City living is difficult for many reasons, but high on the list is how challenging it is to create lasting, meaningful relationships. While dating can be its own hell, the relationships that seem to be the hardest to forge are friendships. You meet someone, maybe at work or through a mutual friend, and you have a spark. It seems amazing that out of so many people in this crazy city, you’ve found each other. For weeks and maybe months, you exchange texts, like their posts on social media, hang out. Then, next thing you know, they’re gone and you have no idea what happened. I’ve invested so much energy into people who offer a flashy allure that’s all fun and no substance then disappear after a couple of months. They’re the ones who will eventually start flaking on plans and won’t even take the time to respond to your Facebook invites. The question is, as busy, city dwelling people, why do we invest our time in these dead end relationships?
All I have to do is look to myself for the answer. I’ve never had that many friends, but have always wanted to throw great parties. I’m a person who goes overboard, in pretty much all aspects of my life. When I have people over, I spend hours, sometimes days, dedicating myself to planning the menu, shopping and setting things up to be just right. The funny thing is I’ve left a slew of disappointing parties in my wake. As a kid, my birthday parties often went up against July 4th weekend and lost. One person showed up to the housewarming party at my first apartment. Don’t even get me started on my Halloween party attempts. Given that my soirees are often less than rocking, one might ask why I continue on. I’ve asked myself the same thing, especially in light of my recent attempt at a ladies poker night. Despite my amazing snack spread — heirloom tomato and sweet pepper salsa, kale artichoke dip, pita and tortilla chips, vegetables — I only had three guests that night and told Cole he should just come home after two hours.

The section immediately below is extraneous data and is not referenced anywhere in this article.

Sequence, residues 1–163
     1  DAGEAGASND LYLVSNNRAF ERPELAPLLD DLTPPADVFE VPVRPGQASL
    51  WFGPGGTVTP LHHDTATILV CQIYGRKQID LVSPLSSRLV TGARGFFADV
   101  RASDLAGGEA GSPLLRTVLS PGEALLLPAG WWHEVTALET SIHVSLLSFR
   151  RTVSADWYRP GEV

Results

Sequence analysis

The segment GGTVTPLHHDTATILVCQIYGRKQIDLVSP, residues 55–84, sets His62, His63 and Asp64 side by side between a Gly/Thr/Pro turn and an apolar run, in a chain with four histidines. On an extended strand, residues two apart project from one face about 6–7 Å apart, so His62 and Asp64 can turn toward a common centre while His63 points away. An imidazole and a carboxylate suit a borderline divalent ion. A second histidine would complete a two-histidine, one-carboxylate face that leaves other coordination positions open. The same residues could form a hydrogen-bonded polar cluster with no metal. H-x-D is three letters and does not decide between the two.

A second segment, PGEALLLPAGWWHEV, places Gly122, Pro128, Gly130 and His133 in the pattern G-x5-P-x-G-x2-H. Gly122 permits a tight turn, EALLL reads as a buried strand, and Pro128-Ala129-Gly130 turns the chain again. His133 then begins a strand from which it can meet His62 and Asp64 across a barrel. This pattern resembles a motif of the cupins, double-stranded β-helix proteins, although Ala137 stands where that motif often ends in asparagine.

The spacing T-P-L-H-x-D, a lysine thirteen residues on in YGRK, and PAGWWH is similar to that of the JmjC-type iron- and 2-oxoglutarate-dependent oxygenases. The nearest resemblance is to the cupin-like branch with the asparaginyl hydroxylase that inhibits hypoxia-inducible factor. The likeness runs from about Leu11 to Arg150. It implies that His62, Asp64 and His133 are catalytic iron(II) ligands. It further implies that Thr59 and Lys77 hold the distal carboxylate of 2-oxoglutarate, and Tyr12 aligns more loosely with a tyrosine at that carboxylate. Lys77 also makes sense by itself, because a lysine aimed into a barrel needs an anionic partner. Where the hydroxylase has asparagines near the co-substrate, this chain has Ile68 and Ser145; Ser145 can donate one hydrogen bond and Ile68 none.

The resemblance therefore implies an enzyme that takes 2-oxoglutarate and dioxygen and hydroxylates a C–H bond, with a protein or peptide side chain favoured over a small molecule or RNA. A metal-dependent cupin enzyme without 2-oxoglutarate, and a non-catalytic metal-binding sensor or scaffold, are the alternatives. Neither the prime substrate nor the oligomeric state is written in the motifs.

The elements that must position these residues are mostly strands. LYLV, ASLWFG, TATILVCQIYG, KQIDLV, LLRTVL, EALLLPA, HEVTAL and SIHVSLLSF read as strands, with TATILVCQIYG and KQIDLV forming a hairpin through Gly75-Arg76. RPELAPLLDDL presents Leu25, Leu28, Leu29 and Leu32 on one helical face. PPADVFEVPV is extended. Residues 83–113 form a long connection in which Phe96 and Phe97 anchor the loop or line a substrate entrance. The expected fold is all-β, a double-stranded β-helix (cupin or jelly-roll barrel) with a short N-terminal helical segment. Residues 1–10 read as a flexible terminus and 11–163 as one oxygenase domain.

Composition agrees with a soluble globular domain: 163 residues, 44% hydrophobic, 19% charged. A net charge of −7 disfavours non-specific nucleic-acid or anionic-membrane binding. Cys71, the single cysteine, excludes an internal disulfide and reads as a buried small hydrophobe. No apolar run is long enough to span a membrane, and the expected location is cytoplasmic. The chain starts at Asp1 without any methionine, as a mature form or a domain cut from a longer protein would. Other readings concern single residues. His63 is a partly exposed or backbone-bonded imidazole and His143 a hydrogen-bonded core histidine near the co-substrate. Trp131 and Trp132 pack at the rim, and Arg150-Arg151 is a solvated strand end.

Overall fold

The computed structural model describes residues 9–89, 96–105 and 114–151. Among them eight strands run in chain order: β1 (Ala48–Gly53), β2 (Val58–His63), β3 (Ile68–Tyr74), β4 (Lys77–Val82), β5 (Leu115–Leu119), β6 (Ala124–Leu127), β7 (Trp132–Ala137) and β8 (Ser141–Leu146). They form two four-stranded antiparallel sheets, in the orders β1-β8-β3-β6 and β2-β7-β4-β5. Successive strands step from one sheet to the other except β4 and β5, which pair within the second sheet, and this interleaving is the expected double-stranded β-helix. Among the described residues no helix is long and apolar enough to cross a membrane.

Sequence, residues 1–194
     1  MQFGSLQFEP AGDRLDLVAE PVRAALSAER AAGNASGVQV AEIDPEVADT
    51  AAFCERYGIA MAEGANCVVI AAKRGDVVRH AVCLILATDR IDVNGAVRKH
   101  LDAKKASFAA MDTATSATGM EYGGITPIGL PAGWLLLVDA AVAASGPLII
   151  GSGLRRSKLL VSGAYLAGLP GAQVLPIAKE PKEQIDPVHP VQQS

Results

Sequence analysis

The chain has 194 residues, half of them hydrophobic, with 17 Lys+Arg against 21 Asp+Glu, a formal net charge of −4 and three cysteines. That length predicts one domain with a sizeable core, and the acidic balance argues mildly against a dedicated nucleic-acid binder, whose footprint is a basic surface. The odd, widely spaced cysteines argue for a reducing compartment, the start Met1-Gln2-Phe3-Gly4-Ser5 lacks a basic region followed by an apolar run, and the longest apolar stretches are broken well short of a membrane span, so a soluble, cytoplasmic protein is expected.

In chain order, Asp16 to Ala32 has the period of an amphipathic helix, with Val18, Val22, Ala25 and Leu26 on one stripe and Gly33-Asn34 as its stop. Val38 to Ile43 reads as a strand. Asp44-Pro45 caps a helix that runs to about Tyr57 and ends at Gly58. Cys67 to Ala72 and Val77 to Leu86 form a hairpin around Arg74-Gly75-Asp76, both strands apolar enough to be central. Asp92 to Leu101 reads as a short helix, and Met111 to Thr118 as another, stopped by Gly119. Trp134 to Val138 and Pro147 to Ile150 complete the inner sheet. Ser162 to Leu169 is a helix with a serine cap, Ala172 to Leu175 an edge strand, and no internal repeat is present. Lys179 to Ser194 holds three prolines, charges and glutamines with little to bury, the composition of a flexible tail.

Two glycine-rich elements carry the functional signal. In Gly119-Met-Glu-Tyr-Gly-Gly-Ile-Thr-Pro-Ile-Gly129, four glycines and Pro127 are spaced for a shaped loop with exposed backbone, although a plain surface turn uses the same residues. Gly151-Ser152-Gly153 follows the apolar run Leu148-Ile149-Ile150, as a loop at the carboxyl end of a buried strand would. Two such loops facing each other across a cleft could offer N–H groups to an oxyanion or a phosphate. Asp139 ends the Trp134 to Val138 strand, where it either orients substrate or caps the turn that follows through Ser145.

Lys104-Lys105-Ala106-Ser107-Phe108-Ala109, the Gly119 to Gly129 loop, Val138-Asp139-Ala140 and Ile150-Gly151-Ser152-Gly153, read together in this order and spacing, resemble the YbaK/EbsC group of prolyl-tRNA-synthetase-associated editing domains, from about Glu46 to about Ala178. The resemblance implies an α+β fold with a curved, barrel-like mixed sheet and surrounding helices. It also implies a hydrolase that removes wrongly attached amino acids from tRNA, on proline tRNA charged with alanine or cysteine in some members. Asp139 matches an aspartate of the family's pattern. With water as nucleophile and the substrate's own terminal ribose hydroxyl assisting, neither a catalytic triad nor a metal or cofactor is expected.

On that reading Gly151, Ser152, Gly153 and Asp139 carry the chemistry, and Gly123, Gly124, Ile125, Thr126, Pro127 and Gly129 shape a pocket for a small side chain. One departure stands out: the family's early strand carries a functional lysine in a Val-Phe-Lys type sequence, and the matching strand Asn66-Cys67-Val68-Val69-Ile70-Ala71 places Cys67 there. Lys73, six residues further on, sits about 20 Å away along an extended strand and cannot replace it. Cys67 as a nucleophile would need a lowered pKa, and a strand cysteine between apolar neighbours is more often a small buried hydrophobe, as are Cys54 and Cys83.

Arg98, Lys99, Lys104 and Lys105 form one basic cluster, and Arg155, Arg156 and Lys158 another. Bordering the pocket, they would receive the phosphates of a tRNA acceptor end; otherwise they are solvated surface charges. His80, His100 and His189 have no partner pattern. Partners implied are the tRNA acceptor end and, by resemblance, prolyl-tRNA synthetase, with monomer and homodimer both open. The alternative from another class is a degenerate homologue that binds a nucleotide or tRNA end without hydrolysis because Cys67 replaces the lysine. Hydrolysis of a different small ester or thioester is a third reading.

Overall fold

I’ve lived in New York for quite a while and know a lot of people, but I only have a handful of close friends — some of them don’t even live within the five boroughs. I’m never going to be the most popular person who throws the best parties that everyone wants to come to and until recently, I had a really hard time accepting that fact. When faced with the expected lack of guests the afternoon before my ladies poker night, I did what any logical 27-year-old woman would do. I called my mom and had a very mature breakdown. While I usually pride myself on having all the answers, I have to give my mom the credit for my final piece of advice.
The people that show up for you are your friends. They are the ones who will respond to your Facebook invites. They are the ones who will text you to say they are running late. They are the ones who will show up to your party even if it inconveniences them. The flakes that continuously cancel last minute or never respond to begin with are not your friends. In a city, you have to try even harder to maintain your relationships. It’s easy to not drag your ass all the way across town to go to a person’s birthday party at some bar that’s probably terrible. If it’s a person who shows up for you, though, you should probably get off your couch, put pants on and do it. You will probably only ever have a small, core group of friends so you need to stick by them.
This isn’t high school, and you don’t have to be pretend to be friends with people. That is the reality of city life and it’s not a bad thing. Though my ladies poker night failed to live up to its name — given that we played zero poker and Cole was there for half of it — I had a great time. I got to spend time with people I care about, eat some good snacks and drink a little wine. I’m done lamenting the things that I’ll never have. What I do have is pretty damn good.